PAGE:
This article will bring you to the list of the blockchain non-financial use cases and business opportunities. Insider Monkey has recently published an interesting article about it. The first time someone thought of a cryptographically-secured chain of blocks was back in 1991. In 2008, someone (or someones, as it is believed a group may have been involved) hiding behind the name of Satoshi Nakamoto implemented the notion into Bitcoin, serving as a public ledger for all transactions. Bitcoin became the first cryptocurrency in the world and the first currency that didn’t need a trusted authority to overlook everything, or even a central server.
Now without a further ado let’s see what Insider Monkey has investigated for us. We have picked three blockchain non-financial use cases and business opportunities from their list.
The first one is Social networking. Sure, you may feel like we have enough social networks, especially with Facebook leisurely bragging about its 2 billion daily users, but that may not be quite so. The future, many believe, is with decentralized social networks, where user data can’t be stored or controlled by any particular company, thus providing users with a heightened level of privacy. Such social networks are already in the works, such as Datt, or Synereo. The second opportunity is IoT. There are so many Internet of Things devices now, that something needs to be done. There are quite a few IoT sectors that need fixing where blockchain could add value. For instance, one that is logical and easy to tell is the tracking of the location of goods as they are shipped. Another would be, for instance, for health-related devices. The data these devices collect is particularly sensitive, so blockchain would ensure the information stays private and that any data exchange is encrypted. At last, but not least we should checkSupply chain. Keeping a strict ledger that cannot be altered and cannot be lost of every transaction is perfect for any business that needs to keep track of goods as they move from one supplier to the other. The blockchain can be used to create new entries for every good that comes in on a ship, for instance, and then keep track of where it ends up, how it ends up there and more. There are already several companies using blockchain for their supply management.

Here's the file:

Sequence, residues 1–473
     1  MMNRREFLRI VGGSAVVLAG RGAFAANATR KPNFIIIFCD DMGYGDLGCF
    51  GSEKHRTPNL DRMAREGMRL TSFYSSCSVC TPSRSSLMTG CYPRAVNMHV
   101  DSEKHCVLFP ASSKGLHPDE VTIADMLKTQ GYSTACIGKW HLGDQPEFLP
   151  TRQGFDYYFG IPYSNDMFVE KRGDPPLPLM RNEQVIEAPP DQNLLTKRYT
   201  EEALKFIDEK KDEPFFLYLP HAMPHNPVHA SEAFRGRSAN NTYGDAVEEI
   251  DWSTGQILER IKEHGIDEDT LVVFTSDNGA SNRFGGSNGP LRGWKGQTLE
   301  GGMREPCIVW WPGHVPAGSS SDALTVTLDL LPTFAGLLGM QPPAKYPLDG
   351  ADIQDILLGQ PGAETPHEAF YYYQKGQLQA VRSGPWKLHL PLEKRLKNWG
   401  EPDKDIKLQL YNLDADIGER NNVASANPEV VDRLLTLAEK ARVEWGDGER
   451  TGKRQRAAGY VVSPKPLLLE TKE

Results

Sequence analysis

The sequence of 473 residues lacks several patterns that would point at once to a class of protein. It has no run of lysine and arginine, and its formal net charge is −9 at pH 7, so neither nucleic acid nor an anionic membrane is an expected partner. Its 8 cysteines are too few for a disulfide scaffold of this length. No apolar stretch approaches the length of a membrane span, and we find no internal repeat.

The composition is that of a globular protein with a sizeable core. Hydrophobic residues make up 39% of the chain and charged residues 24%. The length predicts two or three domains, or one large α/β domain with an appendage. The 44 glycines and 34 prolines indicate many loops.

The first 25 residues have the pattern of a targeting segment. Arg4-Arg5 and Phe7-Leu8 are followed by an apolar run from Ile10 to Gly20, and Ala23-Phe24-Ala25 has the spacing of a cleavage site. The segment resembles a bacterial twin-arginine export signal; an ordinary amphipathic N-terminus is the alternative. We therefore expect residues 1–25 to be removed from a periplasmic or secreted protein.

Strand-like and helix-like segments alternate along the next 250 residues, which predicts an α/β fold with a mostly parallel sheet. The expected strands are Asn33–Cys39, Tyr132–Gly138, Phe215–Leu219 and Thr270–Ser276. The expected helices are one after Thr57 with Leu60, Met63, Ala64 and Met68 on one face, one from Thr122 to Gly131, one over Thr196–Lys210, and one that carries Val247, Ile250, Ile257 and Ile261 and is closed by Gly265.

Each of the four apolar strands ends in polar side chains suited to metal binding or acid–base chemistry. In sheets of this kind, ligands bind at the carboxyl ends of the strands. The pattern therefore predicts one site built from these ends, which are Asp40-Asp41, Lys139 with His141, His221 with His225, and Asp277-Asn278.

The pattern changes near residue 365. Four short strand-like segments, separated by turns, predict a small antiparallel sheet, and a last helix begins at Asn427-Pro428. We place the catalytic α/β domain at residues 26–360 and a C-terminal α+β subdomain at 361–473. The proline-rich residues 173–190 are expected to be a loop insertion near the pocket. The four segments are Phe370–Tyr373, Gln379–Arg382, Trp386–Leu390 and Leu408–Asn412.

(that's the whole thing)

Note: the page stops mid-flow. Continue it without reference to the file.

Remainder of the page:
For any further useful information, read Insider Monkey’s article about 13 blockchain non-financial use cases and business opportunities.